In Exodus 12, verse 11 which concludes God’s commandment on how to observe the Passover sacrifice, God enjoins the Hebrew slaves of Egypt to eat the roasted lamb with “your loins girded, your sandals on your feet, and your staff in your hand; and you shall eat it hurriedly: it is a passover offering to God.” After being slaves for over four hundred years, they must depart quickly, with the clothes that they have on their backs.
As we retell the story of the Exodus at our Passover Seders, with the chaos of thousands of slaves preparing to hurriedly escape from Egypt, this year we will undoubtedly discuss the current chaos in Ukraine, with free citizens forced to make snap decisions about whether to depart or take shelter underground and the chaos of rebuilding one’s life in a new country.
It is almost unfathomable that seven weeks ago, the people of Ukraine were going about their daily lives rushing around, as we all do, to arrive on time for work, classes, theatre, opera, religious services, and the like. Rushing to catch a train was part of an ordinary life. But since Russian forces have been pummeling Ukrainian cities, the citizens have been fleeing west. Some are fleeing to other parts of the country, others are leaving the country and now, some are returning to the cities they fled, hoping to rebuild their lives. We’ve witnessed families having to flee with children, pets, and, like the ancient Israelites, only the clothes on their backs.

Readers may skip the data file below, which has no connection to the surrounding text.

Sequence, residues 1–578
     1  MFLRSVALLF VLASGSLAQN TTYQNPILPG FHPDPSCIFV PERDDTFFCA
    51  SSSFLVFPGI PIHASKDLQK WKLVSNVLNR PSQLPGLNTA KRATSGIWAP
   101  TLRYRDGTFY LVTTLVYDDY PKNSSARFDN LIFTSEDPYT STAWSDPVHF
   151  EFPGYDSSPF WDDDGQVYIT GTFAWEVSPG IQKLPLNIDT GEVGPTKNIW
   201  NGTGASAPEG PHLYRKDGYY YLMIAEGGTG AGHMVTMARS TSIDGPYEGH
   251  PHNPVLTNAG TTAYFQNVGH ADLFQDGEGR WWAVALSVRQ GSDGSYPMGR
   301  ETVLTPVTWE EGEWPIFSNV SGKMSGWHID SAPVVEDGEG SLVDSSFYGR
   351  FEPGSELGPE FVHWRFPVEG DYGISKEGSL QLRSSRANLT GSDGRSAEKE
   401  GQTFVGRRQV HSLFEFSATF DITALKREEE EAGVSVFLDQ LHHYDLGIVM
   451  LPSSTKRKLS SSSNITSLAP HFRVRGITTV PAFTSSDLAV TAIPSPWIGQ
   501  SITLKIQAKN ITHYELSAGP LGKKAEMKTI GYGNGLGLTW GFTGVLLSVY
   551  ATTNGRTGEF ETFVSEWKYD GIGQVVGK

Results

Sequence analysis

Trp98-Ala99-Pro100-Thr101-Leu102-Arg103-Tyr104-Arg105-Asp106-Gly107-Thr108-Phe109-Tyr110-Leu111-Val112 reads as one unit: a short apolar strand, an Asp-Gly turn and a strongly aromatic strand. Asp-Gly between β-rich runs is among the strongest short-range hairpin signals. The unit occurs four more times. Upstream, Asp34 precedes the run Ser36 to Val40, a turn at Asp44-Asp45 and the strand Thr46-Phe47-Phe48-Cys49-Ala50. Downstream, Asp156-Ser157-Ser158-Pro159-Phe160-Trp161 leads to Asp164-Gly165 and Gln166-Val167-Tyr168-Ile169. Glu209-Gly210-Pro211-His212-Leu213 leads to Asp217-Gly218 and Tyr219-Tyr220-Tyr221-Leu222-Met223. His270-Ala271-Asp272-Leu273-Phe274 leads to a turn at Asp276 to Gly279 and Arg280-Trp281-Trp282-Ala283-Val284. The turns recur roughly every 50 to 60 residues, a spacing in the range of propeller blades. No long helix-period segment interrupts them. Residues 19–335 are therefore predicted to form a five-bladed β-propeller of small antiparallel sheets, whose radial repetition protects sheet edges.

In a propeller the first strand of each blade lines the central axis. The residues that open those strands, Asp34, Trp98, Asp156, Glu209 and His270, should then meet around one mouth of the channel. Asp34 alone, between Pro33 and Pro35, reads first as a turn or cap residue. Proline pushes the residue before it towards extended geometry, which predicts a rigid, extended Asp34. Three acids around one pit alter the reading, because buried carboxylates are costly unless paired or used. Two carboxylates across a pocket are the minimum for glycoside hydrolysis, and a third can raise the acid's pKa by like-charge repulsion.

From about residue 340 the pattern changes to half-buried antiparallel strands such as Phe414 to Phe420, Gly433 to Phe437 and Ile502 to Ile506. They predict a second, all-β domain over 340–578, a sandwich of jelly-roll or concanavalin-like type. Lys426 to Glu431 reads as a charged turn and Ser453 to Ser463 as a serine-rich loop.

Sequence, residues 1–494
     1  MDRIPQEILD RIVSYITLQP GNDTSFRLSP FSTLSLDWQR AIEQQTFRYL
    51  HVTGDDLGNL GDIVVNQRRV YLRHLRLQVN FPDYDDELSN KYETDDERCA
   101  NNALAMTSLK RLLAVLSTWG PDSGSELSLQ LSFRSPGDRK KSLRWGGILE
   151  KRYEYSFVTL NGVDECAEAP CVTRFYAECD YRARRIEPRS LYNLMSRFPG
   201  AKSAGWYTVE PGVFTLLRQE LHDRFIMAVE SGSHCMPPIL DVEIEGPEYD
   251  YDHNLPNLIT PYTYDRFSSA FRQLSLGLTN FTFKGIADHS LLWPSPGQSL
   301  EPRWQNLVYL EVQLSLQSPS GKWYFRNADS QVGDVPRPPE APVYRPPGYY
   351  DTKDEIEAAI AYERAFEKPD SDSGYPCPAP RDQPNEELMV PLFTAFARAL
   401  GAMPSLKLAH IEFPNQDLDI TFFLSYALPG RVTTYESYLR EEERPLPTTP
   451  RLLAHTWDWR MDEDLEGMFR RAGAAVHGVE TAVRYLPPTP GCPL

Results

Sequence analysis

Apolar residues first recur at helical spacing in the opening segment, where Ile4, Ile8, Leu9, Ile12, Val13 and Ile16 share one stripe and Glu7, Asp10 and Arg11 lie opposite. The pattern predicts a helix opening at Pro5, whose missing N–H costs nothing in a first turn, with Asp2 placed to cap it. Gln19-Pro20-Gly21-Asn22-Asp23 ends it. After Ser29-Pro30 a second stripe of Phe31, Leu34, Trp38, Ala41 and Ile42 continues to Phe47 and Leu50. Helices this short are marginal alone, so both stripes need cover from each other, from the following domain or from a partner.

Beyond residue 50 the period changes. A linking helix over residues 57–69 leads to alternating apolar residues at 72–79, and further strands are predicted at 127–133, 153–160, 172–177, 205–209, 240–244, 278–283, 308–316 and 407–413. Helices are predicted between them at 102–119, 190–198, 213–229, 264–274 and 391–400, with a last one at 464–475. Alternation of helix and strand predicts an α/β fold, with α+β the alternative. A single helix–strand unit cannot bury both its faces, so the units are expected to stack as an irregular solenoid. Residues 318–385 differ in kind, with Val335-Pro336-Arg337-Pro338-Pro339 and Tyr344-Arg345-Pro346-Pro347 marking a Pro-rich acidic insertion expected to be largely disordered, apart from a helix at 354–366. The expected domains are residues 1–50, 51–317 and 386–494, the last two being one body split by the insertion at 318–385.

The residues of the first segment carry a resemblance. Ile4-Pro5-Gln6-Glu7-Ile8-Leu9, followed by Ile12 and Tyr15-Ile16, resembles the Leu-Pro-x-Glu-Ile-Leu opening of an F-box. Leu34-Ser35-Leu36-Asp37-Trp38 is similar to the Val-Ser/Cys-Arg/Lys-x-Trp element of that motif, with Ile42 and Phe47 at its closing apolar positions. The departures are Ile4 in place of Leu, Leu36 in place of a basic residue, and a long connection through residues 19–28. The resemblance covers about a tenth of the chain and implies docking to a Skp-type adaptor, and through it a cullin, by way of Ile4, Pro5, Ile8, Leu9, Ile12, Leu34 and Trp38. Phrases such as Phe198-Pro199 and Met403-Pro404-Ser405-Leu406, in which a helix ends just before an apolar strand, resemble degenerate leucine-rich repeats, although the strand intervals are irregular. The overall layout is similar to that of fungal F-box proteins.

While reclining in our chairs, let us remember our good fortune to be observing the holiday as we should, and commit to assisting others who have left their homes filled with trepidation and in haste. These refugees will need our support today and in the future, as they work to rebuild their lives, perhaps in a new and unfamiliar country. I recently learned that the Israel Movement for Reform and Progressive Judaism (IMPJ) is holding fully-subsidized Progressive Passover seders for Ukrainian Jews now in Israel, in their native tongue, reflecting on the impact of current events and relating the holiday to their present-day spiritual needs. Additionally, the IMPJ is operating women's circles to support recently-arrived mothers and children and to teach coping strategies in times of uncertainty and stress.
Elisa Heisman, WRJ Manager of Marketing and Communications, recently shared that her rabbi has been in Poland this past week with a group of rabbis to bear witness, bring supplies, serve food, and do what is needed to help Ukrainians at the JCC in Krakow. Elisa is proud of her congregation’s support in providing two suitcases full of clothes and toiletries for the rabbi to take on his trip. Many congregations, Jewish federations, JCCs, and others are conducting similar efforts.
What is your community doing to reach out and help?
I wish each one of you and your families a safe and zissen Pesach. May our seders and storytelling go long into the night as we pray for the lives of the good citizens of Ukraine, Israel, and elsewhere to return to the everyday hustle and bustle of peaceful activity. As our ancestors’ trauma and hasty departure led them eventually to freedom, so may all those seeking refuge from war find peace and security soon.
Sara Charney is WRJ's President and a member of Holy Blossom Temple in Toronto, Ontario.